Earlier this week, the Supreme Court heard oral arguments for the affirmative action case brought about by 22-year-old Abigail Fisher, who claims that her 2008 rejection from the University of Texas was due to her race.
Harris-Perry said that the case inspired her to write a note to Justice Thomas. The MSNBC host recalled Thomas' position on affirmative action, describing how the Supreme Court justice placed a 15-cent price tag from a cigar box on his Yale law school diploma. Quoting Thomas' book, Harris-Perry said he put the price tag on his diploma because he felt "that affirmative action made his law degree worthless."
Harris-Perry also said that Thomas said he believed he was rejected for jobs he applied to right out of law school because of a "taint of racial prejudice," brought about by what he characterized as potential employers' beliefs that he was only admitted to Yale because of his race.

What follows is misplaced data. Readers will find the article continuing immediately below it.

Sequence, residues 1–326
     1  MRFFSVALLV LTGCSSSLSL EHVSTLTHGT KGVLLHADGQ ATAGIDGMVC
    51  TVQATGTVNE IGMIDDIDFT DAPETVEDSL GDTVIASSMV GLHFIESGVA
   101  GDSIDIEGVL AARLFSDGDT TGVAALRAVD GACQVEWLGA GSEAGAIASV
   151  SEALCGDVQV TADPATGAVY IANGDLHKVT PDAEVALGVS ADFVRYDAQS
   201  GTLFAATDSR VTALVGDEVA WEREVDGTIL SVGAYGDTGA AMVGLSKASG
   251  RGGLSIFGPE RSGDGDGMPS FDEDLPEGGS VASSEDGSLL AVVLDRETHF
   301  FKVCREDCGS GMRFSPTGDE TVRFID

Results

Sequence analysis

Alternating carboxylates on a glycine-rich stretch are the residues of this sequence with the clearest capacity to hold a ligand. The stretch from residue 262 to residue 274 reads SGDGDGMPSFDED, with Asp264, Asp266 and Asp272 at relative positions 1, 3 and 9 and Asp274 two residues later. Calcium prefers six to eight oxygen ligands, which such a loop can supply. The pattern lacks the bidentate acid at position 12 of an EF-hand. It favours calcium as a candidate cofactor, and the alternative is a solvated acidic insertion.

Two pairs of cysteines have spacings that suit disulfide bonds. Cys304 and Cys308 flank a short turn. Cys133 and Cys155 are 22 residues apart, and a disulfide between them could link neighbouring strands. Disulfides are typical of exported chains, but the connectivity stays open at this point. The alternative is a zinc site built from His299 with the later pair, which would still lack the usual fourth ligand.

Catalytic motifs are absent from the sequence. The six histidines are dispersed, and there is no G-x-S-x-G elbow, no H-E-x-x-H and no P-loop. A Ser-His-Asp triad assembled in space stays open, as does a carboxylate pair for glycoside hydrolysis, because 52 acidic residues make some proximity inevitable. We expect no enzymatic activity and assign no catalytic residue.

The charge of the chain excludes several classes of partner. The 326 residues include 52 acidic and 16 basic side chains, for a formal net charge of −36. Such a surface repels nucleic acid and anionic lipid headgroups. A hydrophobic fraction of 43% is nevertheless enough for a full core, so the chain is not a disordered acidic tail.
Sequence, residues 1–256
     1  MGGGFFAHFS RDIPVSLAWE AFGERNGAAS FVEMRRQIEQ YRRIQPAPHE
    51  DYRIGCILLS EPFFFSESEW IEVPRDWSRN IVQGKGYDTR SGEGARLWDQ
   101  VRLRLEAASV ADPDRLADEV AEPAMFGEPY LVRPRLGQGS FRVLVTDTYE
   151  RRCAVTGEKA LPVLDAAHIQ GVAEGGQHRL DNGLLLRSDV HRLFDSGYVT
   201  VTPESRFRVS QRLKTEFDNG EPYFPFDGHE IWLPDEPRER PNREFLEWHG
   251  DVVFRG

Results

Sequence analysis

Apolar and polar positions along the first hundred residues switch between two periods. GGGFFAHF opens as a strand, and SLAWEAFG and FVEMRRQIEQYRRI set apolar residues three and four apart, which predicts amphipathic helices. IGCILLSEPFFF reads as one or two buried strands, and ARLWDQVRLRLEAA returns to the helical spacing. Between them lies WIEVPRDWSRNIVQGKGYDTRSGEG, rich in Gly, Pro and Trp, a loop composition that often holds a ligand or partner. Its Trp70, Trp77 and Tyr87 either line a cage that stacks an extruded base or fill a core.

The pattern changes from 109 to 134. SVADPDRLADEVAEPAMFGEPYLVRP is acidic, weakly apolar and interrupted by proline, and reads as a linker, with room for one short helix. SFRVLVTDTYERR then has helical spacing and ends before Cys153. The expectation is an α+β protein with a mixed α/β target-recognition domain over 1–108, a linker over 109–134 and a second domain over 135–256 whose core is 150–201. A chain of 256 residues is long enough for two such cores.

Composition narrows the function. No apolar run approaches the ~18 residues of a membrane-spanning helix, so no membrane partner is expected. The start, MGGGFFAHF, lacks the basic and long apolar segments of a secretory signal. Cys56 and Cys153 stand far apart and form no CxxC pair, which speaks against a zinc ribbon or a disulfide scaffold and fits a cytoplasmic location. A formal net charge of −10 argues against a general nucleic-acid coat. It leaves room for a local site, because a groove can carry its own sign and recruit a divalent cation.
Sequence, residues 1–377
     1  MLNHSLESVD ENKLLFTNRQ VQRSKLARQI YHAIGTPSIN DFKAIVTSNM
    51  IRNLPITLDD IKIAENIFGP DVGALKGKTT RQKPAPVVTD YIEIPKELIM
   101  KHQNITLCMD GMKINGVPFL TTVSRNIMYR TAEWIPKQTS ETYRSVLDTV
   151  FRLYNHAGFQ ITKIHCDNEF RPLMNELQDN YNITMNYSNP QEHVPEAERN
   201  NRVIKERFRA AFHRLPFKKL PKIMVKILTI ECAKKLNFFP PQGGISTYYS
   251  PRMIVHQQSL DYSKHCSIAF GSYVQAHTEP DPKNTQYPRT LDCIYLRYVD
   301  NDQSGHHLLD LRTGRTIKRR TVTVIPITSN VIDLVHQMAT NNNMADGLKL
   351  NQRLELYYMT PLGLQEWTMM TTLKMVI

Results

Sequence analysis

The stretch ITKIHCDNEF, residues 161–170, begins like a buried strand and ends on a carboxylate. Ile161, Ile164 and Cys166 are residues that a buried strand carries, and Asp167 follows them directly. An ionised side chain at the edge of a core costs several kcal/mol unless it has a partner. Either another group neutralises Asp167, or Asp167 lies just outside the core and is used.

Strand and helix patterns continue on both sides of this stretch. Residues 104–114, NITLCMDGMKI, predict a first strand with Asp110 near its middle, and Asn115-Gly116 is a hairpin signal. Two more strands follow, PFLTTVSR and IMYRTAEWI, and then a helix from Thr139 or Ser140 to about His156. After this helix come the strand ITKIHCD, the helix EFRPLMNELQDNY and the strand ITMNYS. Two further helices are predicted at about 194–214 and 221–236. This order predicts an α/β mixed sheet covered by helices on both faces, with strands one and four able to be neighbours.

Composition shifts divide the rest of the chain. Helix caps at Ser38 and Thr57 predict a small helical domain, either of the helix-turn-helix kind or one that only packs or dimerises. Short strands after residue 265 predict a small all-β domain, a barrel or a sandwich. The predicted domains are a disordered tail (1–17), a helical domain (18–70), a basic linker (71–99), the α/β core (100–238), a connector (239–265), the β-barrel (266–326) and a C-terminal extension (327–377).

"Well let me tell you and Abigail Fisher something. You've got it all wrong," Harris-Perry said. "Consider this: It is possible that you didn't get hired right out of law school because you just weren't good enough. Just like Abigail Fischer...she failed to clear the bar of UT's academic achievement index. Abigail Fischer wasn't admitted, but a black student didn't take her place. It wasn't her place."
She added, "Let's be clear, devaluing the accomplishments of black people is not the legacy of affirmative action. It is the legacy of racism that continues to confound and challenge our nation," Harris-Perry said. The MSNBC host also said that Yale's admissions process, the one used to admit Thomas, was "not a failure" but an "undeniable success."